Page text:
It’s now a principal media trading world, but how do marketers live in it?

A new ANA report has lifted the lid on the hot topic of principal media and the questions of transparency and accountability it raises. TrinityP3’s Stephen Wright breaks down what marketers need to know.

A fortnight ago, the US advertising association ANA released a new report. While the report’s headline might not sound that exciting, “The Acceleration of Principal Media” is a must-read for marketers.

Or at least, it should be.

For those unfamiliar with the idea of principal media, I also recommend checking out Digiday’s WTF explainer published this week.

At its core, principal media sees the media agency move from agent to the buyer of media on behalf of its clients – the theory being that if they buy in bulk, they can get their clients a better deal and price. But the risks are also obvious, not just in terms of disclosure, but also in that agencies will invariably mark up the inventory they buy and this risks inverting the core idea of your agency being an “agent” (who presumably looks after your best interests…).

Some might argue that principal media trading is merely a codification of practices (anyone remember the value banks of 2016?) that have been growing for many years. What the ANA report makes clear is that principal-based trading is embedded and here to stay.

So, what should our reaction to this be?

We need to understand that media agencies have long been the profit drivers for the advertising holding groups Omnicom, Publicis, IPG Mediabrands, GroupM and Dentsu.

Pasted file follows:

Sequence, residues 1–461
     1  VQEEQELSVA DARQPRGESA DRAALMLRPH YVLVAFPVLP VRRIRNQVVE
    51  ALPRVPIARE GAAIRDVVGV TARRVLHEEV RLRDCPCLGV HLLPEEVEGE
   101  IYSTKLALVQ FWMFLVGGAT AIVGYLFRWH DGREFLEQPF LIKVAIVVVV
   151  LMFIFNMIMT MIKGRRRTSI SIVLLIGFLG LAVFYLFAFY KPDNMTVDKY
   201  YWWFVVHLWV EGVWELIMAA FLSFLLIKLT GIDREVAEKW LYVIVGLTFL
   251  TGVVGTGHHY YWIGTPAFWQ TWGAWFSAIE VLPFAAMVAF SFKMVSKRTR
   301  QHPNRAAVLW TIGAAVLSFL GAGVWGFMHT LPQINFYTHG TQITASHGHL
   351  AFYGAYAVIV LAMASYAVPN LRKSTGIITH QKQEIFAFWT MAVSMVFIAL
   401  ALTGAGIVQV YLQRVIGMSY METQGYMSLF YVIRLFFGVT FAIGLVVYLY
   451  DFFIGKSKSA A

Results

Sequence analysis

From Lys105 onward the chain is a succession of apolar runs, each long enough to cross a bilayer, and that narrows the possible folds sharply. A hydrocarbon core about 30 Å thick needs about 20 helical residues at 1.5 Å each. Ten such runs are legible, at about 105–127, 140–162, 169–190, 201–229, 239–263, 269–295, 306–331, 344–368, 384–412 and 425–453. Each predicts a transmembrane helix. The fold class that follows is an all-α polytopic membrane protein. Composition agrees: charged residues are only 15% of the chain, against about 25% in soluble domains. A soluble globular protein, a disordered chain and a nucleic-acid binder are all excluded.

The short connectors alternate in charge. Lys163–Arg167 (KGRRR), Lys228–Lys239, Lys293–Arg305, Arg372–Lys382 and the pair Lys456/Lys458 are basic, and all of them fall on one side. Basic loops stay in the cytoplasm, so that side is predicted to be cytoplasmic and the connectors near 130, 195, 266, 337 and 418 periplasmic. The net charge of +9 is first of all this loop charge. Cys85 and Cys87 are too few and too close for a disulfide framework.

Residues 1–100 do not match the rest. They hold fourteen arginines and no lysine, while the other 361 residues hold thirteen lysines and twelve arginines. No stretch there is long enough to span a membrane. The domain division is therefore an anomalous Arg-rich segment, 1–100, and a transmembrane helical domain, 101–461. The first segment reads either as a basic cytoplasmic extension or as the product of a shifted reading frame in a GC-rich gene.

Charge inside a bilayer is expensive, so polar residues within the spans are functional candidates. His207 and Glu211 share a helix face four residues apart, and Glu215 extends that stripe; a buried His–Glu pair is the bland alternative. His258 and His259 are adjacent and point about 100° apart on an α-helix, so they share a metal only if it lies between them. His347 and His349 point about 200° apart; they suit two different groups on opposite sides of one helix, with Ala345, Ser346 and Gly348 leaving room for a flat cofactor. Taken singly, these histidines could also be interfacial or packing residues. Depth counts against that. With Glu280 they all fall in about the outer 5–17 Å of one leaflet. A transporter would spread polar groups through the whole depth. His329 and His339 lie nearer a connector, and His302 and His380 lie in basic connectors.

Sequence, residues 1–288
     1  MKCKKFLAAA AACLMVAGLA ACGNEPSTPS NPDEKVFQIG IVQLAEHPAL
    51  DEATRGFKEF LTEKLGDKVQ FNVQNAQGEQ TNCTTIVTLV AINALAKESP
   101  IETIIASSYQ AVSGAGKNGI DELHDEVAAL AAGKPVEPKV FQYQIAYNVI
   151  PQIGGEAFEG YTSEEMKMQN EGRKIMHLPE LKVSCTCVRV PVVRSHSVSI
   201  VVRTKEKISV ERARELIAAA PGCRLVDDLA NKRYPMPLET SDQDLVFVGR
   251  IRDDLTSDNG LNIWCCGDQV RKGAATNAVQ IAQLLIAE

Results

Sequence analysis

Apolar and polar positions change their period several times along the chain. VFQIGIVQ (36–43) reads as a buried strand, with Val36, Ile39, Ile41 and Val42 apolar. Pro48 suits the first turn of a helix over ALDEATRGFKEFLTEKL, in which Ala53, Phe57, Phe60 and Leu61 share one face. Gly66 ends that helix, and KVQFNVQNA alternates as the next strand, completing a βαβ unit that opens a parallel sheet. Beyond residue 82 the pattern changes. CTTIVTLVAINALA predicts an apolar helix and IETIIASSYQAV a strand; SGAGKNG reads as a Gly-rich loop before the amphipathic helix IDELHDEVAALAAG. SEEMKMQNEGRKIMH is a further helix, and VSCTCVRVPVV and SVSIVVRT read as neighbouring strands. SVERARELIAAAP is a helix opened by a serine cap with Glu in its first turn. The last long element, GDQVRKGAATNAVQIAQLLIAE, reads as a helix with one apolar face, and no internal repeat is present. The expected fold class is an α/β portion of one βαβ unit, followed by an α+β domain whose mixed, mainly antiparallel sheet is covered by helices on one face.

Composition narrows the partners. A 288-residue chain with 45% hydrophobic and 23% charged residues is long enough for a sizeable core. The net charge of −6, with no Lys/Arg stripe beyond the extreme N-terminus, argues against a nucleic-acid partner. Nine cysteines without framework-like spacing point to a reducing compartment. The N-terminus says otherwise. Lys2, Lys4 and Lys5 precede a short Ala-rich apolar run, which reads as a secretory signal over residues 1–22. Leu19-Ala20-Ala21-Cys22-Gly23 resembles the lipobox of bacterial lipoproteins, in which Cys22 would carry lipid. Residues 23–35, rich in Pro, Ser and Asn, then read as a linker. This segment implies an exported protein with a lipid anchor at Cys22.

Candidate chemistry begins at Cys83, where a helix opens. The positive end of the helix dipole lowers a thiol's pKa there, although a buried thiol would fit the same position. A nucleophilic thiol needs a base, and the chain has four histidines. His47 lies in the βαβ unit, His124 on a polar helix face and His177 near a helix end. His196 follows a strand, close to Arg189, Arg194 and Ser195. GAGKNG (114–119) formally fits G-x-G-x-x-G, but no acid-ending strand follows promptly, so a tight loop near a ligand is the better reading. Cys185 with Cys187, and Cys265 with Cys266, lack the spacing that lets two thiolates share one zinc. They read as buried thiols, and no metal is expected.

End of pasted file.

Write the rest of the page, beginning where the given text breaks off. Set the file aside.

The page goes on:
Today, media agencies are more central to growth than ever before. Funding media services is increasingly complex and expensive in a fragmented and disjointed digital media world.

I would also note that additional revenues from principal-based trading can be done legitimately, significantly boost the extraction rate from a client’s billings, and keep transparent fees down while maintaining competitiveness with agency rivals.

But of course it depends on how the agency does this. Lest they fall into the obvious traps which might prioritise short-term profits for the agency over the brand’s long-term health.

Interestingly, from the client’s perspective, the concern about principal media appears muted.

Much like when Nick Manning released his ANA report late last year, which found 64 cents in every programmatic dollar was going missing. The reaction from clients appears to be “what can I as X brand do about a global problem?”

My TrinityP3 colleague, Darren Woolley, describes this phenomenon as a slightly different form of FOMO, but rather than worrying about missing out they fear actually finding out – or FOFO.

If we accept there is limited client appetite for change and that the practice is here to stay, then we need to look at how we live with it.

From TrinityP3’s perspective, what we hear and see in the market shows us that it has been convincingly sold to clients as delivering two-fold price-based benefits:

  • Lower prices for media inventory used
  • Increased funding to the agency supplements agency fees and helps keep them down.

The benefits of these two for marketers are obvious. But implicit in exchange for them is a very clear trade-off with a lack of transparency.

This is important because we see fewer clients now questioning the price of the inventory purchased, the potential markup, and whether this might have influenced the agency’s recommendation.